Ever wonder what exciting new projects the many employees at NARA are working on? The “What are You Working On?” blog feature aims to introduce a variety of NARA employees and highlight some of the exciting projects we are working on around the agency. Check for this blog series on Wednesdays!
This week, we introduce Hilary Parkinson, writer and editor for the Office of Communications and Public Affairs.
What is your name and title?
Hilary Parkinson, writer/editor for the Office of Communications and Public Affairs
Where is your job located?
I work in downtown Washington, DC, in the National Archives building—if I turn around at my desk, I can see the top of one of the columns out of the window!
What is your job in a nutshell?
I write for two audiences at the National Archives.
The first audience is the public, who read the posts my colleague Rob Crotty and I write on the blue Facebook page and the Pieces of History blog, or my “Author on the Record” interviews in Prologue magazine.
My other audience is the National Archives staff; I write and edit a monthly newsletter and an internal blog about everything happening across the country. We have 3,000 staff spread across the United States in regional archives, Federal record centers, and Presidential libraries. All of them have different jobs and projects and holdings. I learn something new about the staff at the National Archives every month!
Since I am part of the Office of Communications and Public Affairs, I also brainstorm with fellow staff members come up with new and crazy ideas to market and communicate our programs and holdings to the public.
What are you working on right now?
I’m really interested in using social media—blogging, Twitter, Facebook, QR codes, games, apps—to encourage people to use and learn more about our holdings.
The National Archives building will always be here, and there’s no substitute for seeing the Constitution and other documents in person, but social media gives us a chance to reach people miles away, start a conversation, and access the holdings in many different ways.
We have a new video shorts series called “Inside the Vaults” which we can embed in blogs or press releases, and that’s been a new way to bring our holdings to the public, whether it’s the Nuremberg Laws or Grace Tully Archives. (I am one of the voiceovers in the Tully video!)
And of course, social media is fun! Where else could I use the holdings to search for images to write “Facial Hair Fridays?”
Part Two of “Discovering the Civil War” opens soon, so we’ll be featuring that on the blue Facebook page and the POH blog. And I am really excited about the possibilities for social media for the next big exhibit, “What’s Cooking Uncle Sam?” in 2011. Stay tuned!
How long have you been at NARA? Have you worked at any other NARA location?
I’ve been here one year and four months—a mere blink of the eye in NARA time!
Do you have a favorite day at NARA, or a favorite discovery or accomplishment?
The National Archives Building and its holdings are both amazing, and I am thrilled every time I have a “behind-the-scenes” experience.
This summer I went up on the roof of the portico of the National Archives Building—if you read the Archivist’s blog AOTUS, I stood right next to the base of that eagle and it’s very high up! I also got to peer down from the oculus of the dome in the Rotunda, directly above the Charters of Freedom.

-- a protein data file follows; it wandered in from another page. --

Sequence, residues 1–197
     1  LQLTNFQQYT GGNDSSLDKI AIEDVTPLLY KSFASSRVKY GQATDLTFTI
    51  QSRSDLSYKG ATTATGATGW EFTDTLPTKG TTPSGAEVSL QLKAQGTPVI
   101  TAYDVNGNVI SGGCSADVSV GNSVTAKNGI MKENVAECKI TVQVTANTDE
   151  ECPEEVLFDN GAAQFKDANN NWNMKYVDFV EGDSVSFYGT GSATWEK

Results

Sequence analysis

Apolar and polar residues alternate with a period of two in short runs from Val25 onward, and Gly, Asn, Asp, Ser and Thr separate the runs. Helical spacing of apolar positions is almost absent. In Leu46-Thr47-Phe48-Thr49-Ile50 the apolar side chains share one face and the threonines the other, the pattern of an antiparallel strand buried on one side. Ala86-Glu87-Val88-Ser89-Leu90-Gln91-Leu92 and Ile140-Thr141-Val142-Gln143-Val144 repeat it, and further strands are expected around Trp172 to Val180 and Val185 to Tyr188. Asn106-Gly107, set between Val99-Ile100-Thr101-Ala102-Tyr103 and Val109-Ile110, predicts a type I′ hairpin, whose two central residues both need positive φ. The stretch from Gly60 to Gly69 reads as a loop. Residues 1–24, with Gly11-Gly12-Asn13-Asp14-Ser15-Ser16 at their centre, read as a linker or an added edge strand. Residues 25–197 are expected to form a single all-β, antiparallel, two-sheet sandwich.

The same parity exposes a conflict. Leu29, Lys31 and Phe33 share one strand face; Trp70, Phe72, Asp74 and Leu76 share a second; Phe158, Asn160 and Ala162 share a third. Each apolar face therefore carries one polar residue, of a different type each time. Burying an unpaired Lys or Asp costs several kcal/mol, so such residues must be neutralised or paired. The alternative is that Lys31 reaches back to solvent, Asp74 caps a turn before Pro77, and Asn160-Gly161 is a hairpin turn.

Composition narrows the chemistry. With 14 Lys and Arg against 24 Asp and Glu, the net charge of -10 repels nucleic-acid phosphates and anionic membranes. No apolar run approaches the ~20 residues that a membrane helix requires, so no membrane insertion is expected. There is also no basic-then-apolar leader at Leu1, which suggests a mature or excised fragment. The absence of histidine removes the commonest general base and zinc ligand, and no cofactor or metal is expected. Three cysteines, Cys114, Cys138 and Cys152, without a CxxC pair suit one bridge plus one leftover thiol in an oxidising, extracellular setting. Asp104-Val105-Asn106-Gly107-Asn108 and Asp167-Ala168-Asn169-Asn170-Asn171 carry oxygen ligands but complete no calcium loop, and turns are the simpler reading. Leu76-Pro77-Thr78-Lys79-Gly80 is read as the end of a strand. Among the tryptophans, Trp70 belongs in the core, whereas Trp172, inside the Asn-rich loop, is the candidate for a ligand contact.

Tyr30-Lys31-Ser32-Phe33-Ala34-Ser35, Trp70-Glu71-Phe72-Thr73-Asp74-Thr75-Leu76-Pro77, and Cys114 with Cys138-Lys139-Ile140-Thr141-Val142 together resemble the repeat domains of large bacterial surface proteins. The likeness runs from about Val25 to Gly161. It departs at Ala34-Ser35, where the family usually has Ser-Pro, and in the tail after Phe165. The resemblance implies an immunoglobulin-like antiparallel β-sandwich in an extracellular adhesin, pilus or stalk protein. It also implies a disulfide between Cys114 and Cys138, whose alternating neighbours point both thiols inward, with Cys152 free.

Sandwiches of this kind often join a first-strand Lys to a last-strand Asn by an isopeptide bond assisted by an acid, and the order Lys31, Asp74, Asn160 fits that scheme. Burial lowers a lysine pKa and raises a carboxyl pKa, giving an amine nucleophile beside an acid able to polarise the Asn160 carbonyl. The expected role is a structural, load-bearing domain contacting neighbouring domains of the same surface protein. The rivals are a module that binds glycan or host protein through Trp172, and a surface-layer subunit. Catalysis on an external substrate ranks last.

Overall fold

And it’s always exciting to go into the stacks and have an archivist pull out a record to show you, whether it’s a document signed by Lincoln or a ship’s log. In the National Archives at New York, I saw a ledger that listed civilians’ names and the reasons they were excused from the draft in the Civil War. Sometimes they were foreign nationals (bad time to visit the States!) or were ill or—the most wrenching—were the “father of a motherless child.”
As a writer, I find records fascinating. I am always asking myself, what is the story of the person behind these records, how do these records and that person connect to us now, and how can I tell that story to my audience either online or in print?
What are your passions or interests outside of work?
For the past three years, I have been volunteer teaching English as a second language to immigrant adults through a non-profit in Washington, DC. It has been one of my most enjoyable experiences while living here.
I also love to travel with my soon-to-be husband. We enjoy walking around strange cities, eating unusual foods like sweet potato soft serve, and riding on weird public transportation like funiculars in Hakone, Japan, and Quebec City, Canada.
What is the last book you read, or the last book you loved?
There is always an enormous stack of books by my bed—I usually read more than one at a time. I just finished The Lacuna by Barbara Kingsolver and The Immortal Life of Henrietta Lacks, a true story in which access to records (medical ones) play an important role for a family and for scientific research.
My three favorite books at the moment are all YA novels: Voices by Ursula LeGuin; Fly by Night by Frances Hardinge; and The Mixed-Up Files of Mrs. Basil E. Frankweiler, where an intrepid girl and her brother run away from home and live in the Metropolitan Museum of Art. Coming to work here reminds me a little bit of her adventure—I don’t get to live in the Met, but I do get to spend all day at the National Archives!
Meet more NARA employees: http://www.archives.gov/careers/employees/